Massive civic negligence  leading to  entirely preventable loss of lives. These incidents bring fore the misplaced priorities of media and society which too have  contributed to  some extent to these unabated ongoing preventable   deaths  of  thousands of  healthy people.

 

Deaths due to potholes ‘unacceptable’,  Supreme court

The bench,  said the number of deaths from 2013 to 2017 in accidents due to potholes indicated that the authorities concerned were not maintaining the roads. The Supreme Court Thursday expressed concern over 14,926 people being killed in road accidents due to potholes in last five years and termed it “unacceptable”. A bench said the large number of deaths caused due to potholes across the country was “probably more than those killed on border or by the terrorists”. Terming the situation as frightening, the top court had asked the Supreme Court Committee on Road Safety to look into the matter. The bench had also said that people who have lost their lives as a result of accidents due to potholes should be entitled to compensation. 

 

Multiple  Deaths  in healthy people by civic negligence :

Large numbers of death and morbidity happen amongst absolutely healthy population due to preventable causes like open manholes, drains, live electric wires, water contamination, dengue, malaria, recurring floods  etc. These deaths  of people are in thousands, and are almost entirely of healthy people, who otherwise were not at risk of death. In fact the burden of   negligence here is massive and  these deaths are unpardonable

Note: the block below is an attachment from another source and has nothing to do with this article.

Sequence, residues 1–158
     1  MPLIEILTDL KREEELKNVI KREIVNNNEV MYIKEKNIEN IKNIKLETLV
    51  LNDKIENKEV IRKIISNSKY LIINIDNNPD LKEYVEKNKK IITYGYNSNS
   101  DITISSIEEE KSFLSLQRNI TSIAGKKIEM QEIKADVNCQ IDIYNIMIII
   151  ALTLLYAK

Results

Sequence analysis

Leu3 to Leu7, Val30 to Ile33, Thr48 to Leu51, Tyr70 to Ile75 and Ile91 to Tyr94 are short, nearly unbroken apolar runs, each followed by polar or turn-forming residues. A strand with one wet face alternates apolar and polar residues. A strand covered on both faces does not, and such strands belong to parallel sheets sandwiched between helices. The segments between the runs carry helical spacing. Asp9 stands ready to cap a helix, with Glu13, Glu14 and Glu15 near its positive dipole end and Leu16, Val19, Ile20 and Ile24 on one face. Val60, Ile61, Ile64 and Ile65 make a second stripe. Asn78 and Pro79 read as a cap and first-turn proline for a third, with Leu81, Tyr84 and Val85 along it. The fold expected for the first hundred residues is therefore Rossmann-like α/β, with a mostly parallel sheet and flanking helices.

Single  Death in Hospital due to disease:

The media has always, instead, focused on the stray  and occasional incidents of perceived alleged negligence  in hospital deaths which could have occurred due to critical medical condition of patient. However an impression is created as if the doctors have killed a healthy person. It is assumed without any investigation that it was doctor’s fault.  Media has been responsible for creating a misunderstanding about the whole process of treatment and creating  something sensational out of nothing.